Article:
printf("The other buffers represented are associated with the standard streams,	and for efficiency are only allocated on first use of these streams. There are 3 standard streams (stdin, stdout, stderr) created automatically for nearly all unix programs by the C library (libc) at the start of program execution, 	and new streams can be created to connect to files, sockets, pipes, ...To control how data is read/written from these buffers one can control 	both the buffer sizes and modes (Unbuffered, Buffered, Line Buffered). To determine the characteristics of the buffering automatically applied to the standard streams I used this program, which indicated the following: The other buffers represented are associated with the standard streams,	and for efficiency are only allocated on first use of these streams. There are 3 standard streams (stdin, stdout, stderr) created automatically for nearly all unix programs by the C library (libc) at the start of program execution, 	and new streams can be created to connect to files, sockets, pipes, ...To control how data is read/written from these buffers one can control 	both the buffer sizes and modes (Unbuffered, Buffered, Line Buffered). To determine the characteristics of the buffering automatically applied to the standard streams I used this program, which indicated the following:The other buffers represented are associated with the standard streams,	and for efficiency are only allocated on first use of these streams. There are 3 standard streams (stdin, stdout, stderr) created automatically for nearly all unix programs by the C library (libc) at the start of program execution, 	and new streams can be created to connect to files, sockets, pipes, ...To control how data is read/written from these buffers one can control 	both the buffer sizes and modes (Unbuffered, Buffered, Line Buffered). To determine the characteristics of the buffering automatically applied to the standard streams I used this program, which indicated the following:The other buffers represented are associated with the standard streams,	and for efficiency are only allocated on first use of these streams. There are 3 standard streams (stdin, stdout, stderr) created automatically for nearly all unix programs by the C library (libc) at the start of program execution, 	and new streams can be created to connect to files, sockets, pipes, ...To control how data is read/written from these buffers one can control 	both the buffer sizes and modes (Unbuffered, Buffered, Line Buffered). To determine the characteristics of the buffering automatically applied to the standard streams I used this program, which indicated the following:The other buffers represented are associated with the standard streams,	and for efficiency are only allocated on first use of these streams. There are 3 standard streams (stdin, stdout, stderr) created automatically for nearly all unix programs by the C library (libc) at the start of program execution, 	and new streams can be created to connect to files, sockets, pipes, ...To control how data is read/written from these buffers one can control 	both the buffer sizes and modes (Unbuffered, Buffered, Line Buffered). To determine the characteristics of the buffering automatically applied to the standard streams I used this program, which indicated the following: The other buffers represented are associated with the standard streams,	and for efficiency are only allocated on first use of these streams. There are 3 standard streams (stdin, stdout, stderr) created automatically for nearly all unix programs by the C library (libc) at the start of program execution, 	and new streams can be created to connect to files, sockets, pipes, ...To control how data is read/written from these buffers one can control 	both the buffer sizes and modes (Unbuffered, Buffered, Line Buffered). To determine the characteristics of the buffering automatically applied to the standard streams I used this program, which indicated the following:The other buffers represented are associated with the standard streams,	and for efficiency are only allocated on first use of these streams. There are 3 standard streams (stdin, stdout, stderr) created automatically for nearly all unix programs by the C library (libc) at the start of program execution, 	and new streams can be created to connect to files, sockets, pipes, ...To control how data is read/written from these buffers one can control 	both the buffer sizes and modes (Unbuffered, Buffered, Line Buffered). To determine the characteristics of the buffering automatically applied to the standard streams I used this program, which indicated the following:The other buffers represented are associated with the standard streams,	and for efficiency are only allocated on first use of these streams. There are 3 standard streams (stdin, stdout, stderr) created automatically for nearly all unix programs by the C library (libc) at the start of program execution, 	and new streams can be created to connect to files, sockets, pipes, ...To control how data is read/written from these buffers one can control 	both the buffer sizes and modes (Unbuffered, Buffered, Line Buffered). To determine the characteristics of the buffering automatically applied to the standard streams I used this program, which indicated the following:The other buffers represented are associated with the standard streams,	and for efficiency are only allocated on first use of these streams. There are 3 standard streams (stdin, stdout, stderr) created automatically for nearly all unix programs by the C library (libc) at the start of program execution, 	and new streams can be created to connect to files, sockets, pipes, ...To control how data is read/written from these buffers one can control 	both the buffer sizes and modes (Unbuffered, Buffered, Line Buffered). To determine the characteristics of the buffering automatically applied to the standard streams I used this program, which indicated the following:The other buffers represented are associated with the standard streams,	and for efficiency are only allocated on first use of these streams. There are 3 standard streams (stdin, stdout, stderr) created automatically for nearly all unix programs by the C library (libc) at the start of program execution, 	and new streams can be created to connect to files, sockets, pipes, ...To control how data is read/written from these buffers one can control 	both the buffer sizes and modes (Unbuffered, Buffered, Line Buffered). To determine the characteristics of the buffering automatically applied to the standard streams I used this program, which indicated the following:END!!\n");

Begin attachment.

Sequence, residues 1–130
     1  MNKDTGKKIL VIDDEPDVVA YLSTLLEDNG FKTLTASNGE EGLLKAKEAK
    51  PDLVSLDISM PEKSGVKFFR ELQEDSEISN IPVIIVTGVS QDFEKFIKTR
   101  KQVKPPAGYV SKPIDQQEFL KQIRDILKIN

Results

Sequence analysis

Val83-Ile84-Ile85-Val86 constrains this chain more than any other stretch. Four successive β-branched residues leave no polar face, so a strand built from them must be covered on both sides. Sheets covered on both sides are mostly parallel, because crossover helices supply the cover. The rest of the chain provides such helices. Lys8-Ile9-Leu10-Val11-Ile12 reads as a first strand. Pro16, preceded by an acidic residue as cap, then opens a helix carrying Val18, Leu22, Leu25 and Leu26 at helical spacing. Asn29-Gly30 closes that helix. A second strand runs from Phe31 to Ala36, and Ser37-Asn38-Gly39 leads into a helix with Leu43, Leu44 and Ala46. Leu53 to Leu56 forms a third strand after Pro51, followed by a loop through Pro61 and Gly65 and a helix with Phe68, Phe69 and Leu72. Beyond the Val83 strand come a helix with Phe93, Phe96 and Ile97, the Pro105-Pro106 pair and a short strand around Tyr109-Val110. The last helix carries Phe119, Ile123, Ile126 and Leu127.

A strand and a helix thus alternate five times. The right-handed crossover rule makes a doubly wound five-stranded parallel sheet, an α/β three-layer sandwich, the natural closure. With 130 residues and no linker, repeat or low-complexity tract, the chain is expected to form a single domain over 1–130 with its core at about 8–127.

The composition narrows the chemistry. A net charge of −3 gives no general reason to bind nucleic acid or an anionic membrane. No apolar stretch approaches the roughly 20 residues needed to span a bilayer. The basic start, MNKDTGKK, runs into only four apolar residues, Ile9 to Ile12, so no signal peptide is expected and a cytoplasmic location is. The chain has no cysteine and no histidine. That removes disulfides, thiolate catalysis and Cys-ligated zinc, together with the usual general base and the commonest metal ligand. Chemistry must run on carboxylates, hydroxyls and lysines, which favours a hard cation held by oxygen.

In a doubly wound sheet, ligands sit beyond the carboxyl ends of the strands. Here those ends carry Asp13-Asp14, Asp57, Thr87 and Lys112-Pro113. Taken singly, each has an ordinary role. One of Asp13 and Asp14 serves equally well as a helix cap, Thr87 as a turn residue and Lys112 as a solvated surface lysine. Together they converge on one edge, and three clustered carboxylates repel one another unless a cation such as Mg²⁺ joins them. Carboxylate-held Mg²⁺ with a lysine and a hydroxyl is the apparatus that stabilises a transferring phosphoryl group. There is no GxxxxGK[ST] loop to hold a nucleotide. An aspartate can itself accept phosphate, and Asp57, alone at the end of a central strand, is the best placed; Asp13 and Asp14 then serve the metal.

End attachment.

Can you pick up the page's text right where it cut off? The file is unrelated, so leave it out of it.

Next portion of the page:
printf("hello\n");